PAX 2009: We travel east with Rise of the Godslayer part 2

Kyle Horner
K. Horner|09.09.09

Sponsored Links

PAX 2009: We travel east with Rise of the Godslayer part 2

Each of the five new massive regions contain two factions and players will have to choose who to side with, however it's not just about going up in reputation. Becoming friendly with one faction results in becoming an enemy of their enemies -- and NPCs in these areas will be very aware of your allegiances. Craig told us it was technically possible to remain neutral with everybody, but by doing so players would be missing out on the core part of the story.

Howard was very disdainful of society, and so Funcom doesn't want any one faction to be the outright good guys or bad guys. Instead, the new content straddles many moral gray areas and when you think you're making the "good" choice you may find out that, actually, the people you've sided with have their own dark sides and evils. This ties directly into their focus on creating challenging storylines where players have to consider the consequences of their own actions.

Equipment can of course be earned from these new factions, and boy is it pretty. We're very happy to report that faction armor maintains a visual theme as you progress in the game. As a player levels, the new armors become increasingly ornate and decidedly more complex, helping to better visualize a player's level and faction allegiance by appearance alone.

What's even better is how people will be earning these new armors. As you move up through loyalty levels in each faction, you unlock new armor sets. Yes, we wrote that correctly: Each new tier gained within a faction unlocks a whole set, not simply a piece of armor. With 12 factions in the game, and four tiers each, that's a whole lot of new armor to unlock and it ranges from light, medium to heavy so there's something for every class.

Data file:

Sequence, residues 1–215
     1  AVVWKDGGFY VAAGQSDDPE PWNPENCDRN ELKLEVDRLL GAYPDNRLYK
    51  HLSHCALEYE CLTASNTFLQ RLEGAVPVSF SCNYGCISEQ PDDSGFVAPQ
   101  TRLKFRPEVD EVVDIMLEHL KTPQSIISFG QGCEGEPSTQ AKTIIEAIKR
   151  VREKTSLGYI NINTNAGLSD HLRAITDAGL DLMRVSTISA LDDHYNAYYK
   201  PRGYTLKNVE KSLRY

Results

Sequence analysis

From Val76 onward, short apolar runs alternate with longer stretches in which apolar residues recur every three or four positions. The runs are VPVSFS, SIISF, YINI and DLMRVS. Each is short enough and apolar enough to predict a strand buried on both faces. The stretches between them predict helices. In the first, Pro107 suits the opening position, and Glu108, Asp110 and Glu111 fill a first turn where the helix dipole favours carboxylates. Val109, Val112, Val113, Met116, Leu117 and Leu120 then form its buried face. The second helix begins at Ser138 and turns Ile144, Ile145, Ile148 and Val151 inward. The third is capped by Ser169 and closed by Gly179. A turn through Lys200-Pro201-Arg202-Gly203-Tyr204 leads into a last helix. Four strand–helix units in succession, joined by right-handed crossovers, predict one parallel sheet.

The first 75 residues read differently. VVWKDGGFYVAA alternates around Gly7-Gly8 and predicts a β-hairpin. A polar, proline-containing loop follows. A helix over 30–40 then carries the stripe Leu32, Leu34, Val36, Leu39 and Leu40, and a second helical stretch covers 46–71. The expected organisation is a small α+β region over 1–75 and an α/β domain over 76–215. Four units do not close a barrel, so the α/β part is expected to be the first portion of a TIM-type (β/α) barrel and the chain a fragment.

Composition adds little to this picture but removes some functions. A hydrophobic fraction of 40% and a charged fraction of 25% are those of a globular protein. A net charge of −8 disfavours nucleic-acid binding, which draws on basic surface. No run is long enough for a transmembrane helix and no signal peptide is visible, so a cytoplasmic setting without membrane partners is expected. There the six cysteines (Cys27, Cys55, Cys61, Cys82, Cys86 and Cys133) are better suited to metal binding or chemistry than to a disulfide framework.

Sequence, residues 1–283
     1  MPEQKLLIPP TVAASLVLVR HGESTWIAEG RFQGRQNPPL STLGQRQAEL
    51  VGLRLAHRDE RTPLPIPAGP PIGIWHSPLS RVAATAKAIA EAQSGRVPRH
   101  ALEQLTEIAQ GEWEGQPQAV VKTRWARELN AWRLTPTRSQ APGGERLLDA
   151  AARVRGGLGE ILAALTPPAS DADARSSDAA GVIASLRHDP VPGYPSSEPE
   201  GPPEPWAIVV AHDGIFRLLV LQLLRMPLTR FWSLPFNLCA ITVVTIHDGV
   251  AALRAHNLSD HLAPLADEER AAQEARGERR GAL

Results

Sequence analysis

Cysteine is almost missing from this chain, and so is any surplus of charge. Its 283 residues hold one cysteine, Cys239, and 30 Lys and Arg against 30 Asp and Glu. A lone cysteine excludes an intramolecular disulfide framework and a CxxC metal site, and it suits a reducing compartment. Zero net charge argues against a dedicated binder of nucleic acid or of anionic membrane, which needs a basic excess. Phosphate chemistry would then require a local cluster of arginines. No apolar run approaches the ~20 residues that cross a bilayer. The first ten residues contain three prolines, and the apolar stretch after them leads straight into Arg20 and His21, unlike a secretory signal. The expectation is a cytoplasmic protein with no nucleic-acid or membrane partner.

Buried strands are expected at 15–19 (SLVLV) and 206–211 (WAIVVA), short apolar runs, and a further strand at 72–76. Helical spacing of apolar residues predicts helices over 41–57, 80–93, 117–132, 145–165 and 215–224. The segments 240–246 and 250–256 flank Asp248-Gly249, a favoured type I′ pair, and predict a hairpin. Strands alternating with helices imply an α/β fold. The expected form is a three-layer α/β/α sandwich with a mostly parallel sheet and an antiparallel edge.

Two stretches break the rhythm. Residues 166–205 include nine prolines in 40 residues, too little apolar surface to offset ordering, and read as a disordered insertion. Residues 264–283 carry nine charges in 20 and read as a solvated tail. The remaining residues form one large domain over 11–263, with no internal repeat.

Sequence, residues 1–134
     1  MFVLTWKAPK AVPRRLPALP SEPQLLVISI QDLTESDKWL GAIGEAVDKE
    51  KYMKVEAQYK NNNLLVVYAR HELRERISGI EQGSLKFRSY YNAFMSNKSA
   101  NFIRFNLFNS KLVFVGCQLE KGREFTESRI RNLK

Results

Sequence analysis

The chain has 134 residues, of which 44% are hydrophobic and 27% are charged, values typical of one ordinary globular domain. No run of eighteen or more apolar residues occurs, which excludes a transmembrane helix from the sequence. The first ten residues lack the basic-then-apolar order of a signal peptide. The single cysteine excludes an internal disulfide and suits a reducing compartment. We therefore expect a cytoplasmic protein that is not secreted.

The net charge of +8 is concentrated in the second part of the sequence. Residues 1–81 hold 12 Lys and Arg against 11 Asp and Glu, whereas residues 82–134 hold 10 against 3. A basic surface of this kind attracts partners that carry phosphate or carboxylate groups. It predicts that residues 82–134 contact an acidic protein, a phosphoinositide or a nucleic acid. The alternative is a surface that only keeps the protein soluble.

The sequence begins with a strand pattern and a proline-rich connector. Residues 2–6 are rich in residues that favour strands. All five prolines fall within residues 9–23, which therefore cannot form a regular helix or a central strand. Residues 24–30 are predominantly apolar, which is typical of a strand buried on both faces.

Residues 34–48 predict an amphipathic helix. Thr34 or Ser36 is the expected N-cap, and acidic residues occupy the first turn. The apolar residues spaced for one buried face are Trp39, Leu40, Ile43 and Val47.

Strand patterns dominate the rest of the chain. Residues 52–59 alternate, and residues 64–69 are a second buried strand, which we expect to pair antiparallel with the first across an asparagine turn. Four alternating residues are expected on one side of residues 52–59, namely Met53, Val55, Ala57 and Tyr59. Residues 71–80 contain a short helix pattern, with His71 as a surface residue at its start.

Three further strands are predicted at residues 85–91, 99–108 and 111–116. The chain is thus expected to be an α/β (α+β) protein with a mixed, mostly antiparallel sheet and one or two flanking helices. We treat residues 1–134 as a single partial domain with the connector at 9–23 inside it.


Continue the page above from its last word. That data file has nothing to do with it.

Tiger and wolf mounts are making their way into the game with RotG, but not without an aspect of choice. First you have to earn some loyalty with a faction that knows how to tame tigers. Once you've garnered enough trust, you'll be able to take an initiation test. This involves taking off your armor, leaving your weapons behind and venturing into the wild naked in order to find a wild tiger and beat it with your bare hands -- and then stealing a cub from the den. After taking the cub you go through a quest chain to raise it and teach it how to stalk, hunt, kill and eventually how to carry a man's weight. The end of that quest chain results in a choice: do you keep it as a combat pet or a mount? The decision is irreversible.

As for new levels, Funcom made a conscious choice not to raise the level cap. Instead they're implementing an alternate advancement system. While leveling as you normally would, you'll be gaining alternate advancement points for three new trees containing spells, abilities and combos. The goal here is to avoid creating a situation where only the max level players get to earn shiny new abilities. It's also allowed the design team to give a little bit of the eastern theme to every class through these new ubiquitous advancement trees.

The idea of training will also be introduced. Once a new skill is earned, players can decide where to focus their training. As time progresses both in-game and out, this 'trained' skill will increase in level. It's a system very much like the one in EVE Online, except instead of using it to learn new skills players will be using it to level up existing skills they've earned in the expansion.

AoC players both present, former and future have a lot to look forward to in RotG. A lot of the game deals with choices, and it's obvious that the choice Funcom made was to create an expansion that would appeal to quite literally everyone. So much of the new content isn't restricted by your level that we can't help but give the developer major props. They're in good company too, when you consider the only other expansion similar to theirs in basic philosophy is Cataclysm.

All products recommended by Engadget are selected by our editorial team, independent of our parent company. Some of our stories include affiliate links. If you buy something through one of these links, we may earn an affiliate commission.
Popular on Engadget